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Data Communication for Resettlement Organizations

Communicating program data to stakeholders in your community is an important skill that can help to both highlight your program’s success and build impactful partnerships. Going into this process, it is important to understand the concept of a stakeholder as well as which stakeholders are most relevant to your project.  

Identifying Stakeholders

A stakeholder is anyone who is interested in or impacted by your program—including funders, clients, and peer organizations in your community working in similar areas. Stakeholders can also include corporations in your area. To identify the groups with whom it would be most helpful to share your program data, look for someone well-versed in the community and its dynamics to guide you.  

Visualizing Data

When presenting program data, it is important to consider the specific stakeholder groups you will be speaking with and tailor your presentation accordingly. Regardless of your presentation’s content, incorporating visuals when sharing program data can enhance audience engagement. Data visuals are a powerful way to support the story you are telling about your program, aiding listeners in retaining key points. Some examples of data visuals include:  

  • Bar charts showing responses to feedback surveys 
  • Pie graphs of critical client demographics (e.g., languages spoken or countries of origin) 
  • Word clouds highlighting themes from focus groups 
  • Quotes from clients to center their voices in your presentation 

Presenting Program Data to Funders

Your funders likely require you to report on specific indicators each year. Focus on highlighting the key metrics or indicators you have achieved. In addition to sharing your performance in these key areas, you can use your presentation as an opportunity to highlight other successes your program is experiencing. Interview your staff to see what additional aspects of their work they would like to emphasize to funders, and creatively incorporate those data points and insights into a compelling story. 

You can also supplement any quantitative data you share with anonymized anecdotes about clients’ experience. This can help to demonstrate your impact on a human level, fostering more personal connection.  

For example, you might share with your funders that an average of 30 people each week access your program’s food pantry. To make this number more meaningful, consider sharing a client story about how access to the pantry has personally benefited them—clarifying the scale and scope of your program’s impact.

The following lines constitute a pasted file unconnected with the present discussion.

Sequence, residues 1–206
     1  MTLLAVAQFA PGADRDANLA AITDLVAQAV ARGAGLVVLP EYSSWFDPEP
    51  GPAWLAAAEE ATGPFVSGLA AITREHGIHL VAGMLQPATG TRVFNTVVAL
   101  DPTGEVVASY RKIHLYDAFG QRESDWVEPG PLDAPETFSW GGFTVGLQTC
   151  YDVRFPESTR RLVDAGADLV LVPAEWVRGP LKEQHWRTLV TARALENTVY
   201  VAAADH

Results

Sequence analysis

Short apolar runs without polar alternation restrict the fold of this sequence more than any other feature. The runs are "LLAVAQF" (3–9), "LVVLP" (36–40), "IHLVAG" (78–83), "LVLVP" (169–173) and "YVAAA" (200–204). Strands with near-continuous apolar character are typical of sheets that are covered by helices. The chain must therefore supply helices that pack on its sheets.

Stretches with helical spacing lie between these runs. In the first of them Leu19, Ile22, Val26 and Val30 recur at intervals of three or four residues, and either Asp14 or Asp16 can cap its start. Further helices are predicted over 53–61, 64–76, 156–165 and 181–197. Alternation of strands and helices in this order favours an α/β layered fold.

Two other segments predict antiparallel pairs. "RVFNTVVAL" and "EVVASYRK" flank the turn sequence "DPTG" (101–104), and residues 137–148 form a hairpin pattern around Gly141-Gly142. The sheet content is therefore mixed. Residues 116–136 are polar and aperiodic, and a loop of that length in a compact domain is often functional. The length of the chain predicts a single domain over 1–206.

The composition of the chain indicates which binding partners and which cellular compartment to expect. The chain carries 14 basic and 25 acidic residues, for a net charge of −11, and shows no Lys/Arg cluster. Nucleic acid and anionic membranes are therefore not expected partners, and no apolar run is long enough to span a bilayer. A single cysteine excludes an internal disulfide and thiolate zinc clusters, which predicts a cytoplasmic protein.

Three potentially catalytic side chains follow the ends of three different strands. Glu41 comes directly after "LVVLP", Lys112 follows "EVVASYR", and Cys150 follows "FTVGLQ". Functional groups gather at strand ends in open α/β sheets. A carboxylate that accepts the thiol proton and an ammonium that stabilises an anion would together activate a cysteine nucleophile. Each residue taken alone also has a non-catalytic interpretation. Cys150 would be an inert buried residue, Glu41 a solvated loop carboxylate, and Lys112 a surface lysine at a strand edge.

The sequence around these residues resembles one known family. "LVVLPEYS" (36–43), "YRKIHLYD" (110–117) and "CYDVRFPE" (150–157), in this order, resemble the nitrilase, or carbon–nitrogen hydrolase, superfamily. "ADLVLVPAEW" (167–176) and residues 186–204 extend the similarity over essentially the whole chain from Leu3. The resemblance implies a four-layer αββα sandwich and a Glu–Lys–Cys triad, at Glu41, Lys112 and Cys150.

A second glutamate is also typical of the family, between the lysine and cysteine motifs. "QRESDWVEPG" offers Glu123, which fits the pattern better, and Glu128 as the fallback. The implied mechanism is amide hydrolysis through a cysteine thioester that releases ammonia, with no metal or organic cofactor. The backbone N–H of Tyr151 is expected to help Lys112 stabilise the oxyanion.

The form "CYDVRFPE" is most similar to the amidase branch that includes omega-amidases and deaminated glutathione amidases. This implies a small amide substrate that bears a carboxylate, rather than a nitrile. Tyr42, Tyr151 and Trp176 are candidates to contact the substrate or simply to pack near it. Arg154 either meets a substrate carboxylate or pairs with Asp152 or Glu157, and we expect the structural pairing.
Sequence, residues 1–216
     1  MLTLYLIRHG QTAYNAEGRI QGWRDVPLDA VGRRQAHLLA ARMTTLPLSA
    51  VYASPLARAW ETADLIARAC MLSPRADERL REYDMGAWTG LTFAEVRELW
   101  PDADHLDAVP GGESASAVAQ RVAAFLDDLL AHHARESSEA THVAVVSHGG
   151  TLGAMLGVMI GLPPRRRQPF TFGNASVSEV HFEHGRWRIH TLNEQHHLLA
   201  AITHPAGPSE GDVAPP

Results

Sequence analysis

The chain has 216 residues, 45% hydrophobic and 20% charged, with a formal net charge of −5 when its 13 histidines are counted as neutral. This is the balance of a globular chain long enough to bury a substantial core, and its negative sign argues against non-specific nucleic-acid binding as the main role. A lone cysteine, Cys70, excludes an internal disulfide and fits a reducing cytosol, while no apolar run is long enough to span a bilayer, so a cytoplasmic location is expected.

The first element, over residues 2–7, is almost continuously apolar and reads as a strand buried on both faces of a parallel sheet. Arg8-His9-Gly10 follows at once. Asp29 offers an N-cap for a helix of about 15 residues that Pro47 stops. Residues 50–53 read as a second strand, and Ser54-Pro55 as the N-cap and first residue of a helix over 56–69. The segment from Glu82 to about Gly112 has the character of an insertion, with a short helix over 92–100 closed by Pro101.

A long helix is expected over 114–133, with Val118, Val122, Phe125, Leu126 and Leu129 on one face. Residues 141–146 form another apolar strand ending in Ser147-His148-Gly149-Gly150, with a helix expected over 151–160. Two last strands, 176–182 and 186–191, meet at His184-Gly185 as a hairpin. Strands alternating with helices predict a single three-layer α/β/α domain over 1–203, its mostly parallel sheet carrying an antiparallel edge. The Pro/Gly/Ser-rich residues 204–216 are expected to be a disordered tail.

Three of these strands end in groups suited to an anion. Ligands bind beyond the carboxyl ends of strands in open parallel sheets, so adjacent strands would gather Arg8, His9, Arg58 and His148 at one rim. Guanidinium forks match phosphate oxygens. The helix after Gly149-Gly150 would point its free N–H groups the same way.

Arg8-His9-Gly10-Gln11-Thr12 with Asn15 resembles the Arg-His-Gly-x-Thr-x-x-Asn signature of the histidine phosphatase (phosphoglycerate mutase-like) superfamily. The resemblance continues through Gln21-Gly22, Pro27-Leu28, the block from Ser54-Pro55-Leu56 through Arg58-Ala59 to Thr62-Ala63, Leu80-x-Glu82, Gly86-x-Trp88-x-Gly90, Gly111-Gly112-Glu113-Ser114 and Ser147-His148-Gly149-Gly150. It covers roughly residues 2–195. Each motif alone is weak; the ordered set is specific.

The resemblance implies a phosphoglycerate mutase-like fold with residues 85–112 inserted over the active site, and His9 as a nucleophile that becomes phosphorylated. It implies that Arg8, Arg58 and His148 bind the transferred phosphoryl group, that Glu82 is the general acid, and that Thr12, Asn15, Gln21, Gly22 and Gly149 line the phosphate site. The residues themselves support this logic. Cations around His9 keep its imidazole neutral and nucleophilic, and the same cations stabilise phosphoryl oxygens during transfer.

Presenting Program Data to Clients

Clients are often neglected as a stakeholder group in the context of sharing program data. But data transparency with clients can help demonstrate that your program takes their needs and opinions seriously. If done right, presenting program data to clients can help them feel empowered and eager to engage more with your program.  

When communicating with clients, consider language access. Have your presentation materials translated into the languages your clients are most likely to speak, and provide translation during your presentation. Use graphics to show the results of any survey questions, helping clients gauge how their fellow program participants feel about different aspects of the project design.  

Prioritize showing clients that you value their opinions—emphasizing any feedback you receive and discussing how you might address it in the future. When clients feel that their input is guiding the direction of the program, they foster a sense of ownership, community, and belonging, making them more inclined to trust program staff and use available resources. 

Presenting Program Data to Staff

Program staff are another overlooked stakeholder group when it comes to presenting program data. However, sharing information with your staff can significantly impact morale and motivation. Staff presentations, or “share-outs,” are an opportunity to celebrate and commemorate your program’s accomplishments, recognizing your staff’s impact on their clients.  

Incorporating and sharing client quotes and positive feedback can help staff feel that their work is meaningful and appreciated. Statistics on client outcomes can be equally affirming. Additionally, using data visuals—e.g., an image of an auditorium or stadium with a seat for each client your organization has served—can help illustrate the scale of your program’s impact.  

Using Data to Connect with Private Organizations

Private corporations may not immediately come to mind as a relevant stakeholder group. However, many corporations have committees dedicated to community involvement, with the potential to become major partners to your program. Ask your organization’s volunteers if their employer has a community engagement committee. If so, your volunteer might be able to help you make introductions and schedule time to present.  

Before your presentation, consider what you would like a corporate audience to learn about your program, and clarify what actions you would like them to take to support your work. Corporate stakeholders may be uniquely positioned to assist with finding volunteers, sourcing donations, and advocating for public policy changes. 

Use your presentation as a call to action, emphasizing the current success of your program while outlining what new successes might be possible with more resources.  

Conclusion

Communicating data to stakeholders is an excellent way to empower your clients, your staff, and your organization, demonstrating your program’s success and potentially building future partnerships. By considering your audience and using visuals to enhance your presentation, you can communicate your program’s strengths while inspiring commitment to your future goals.  

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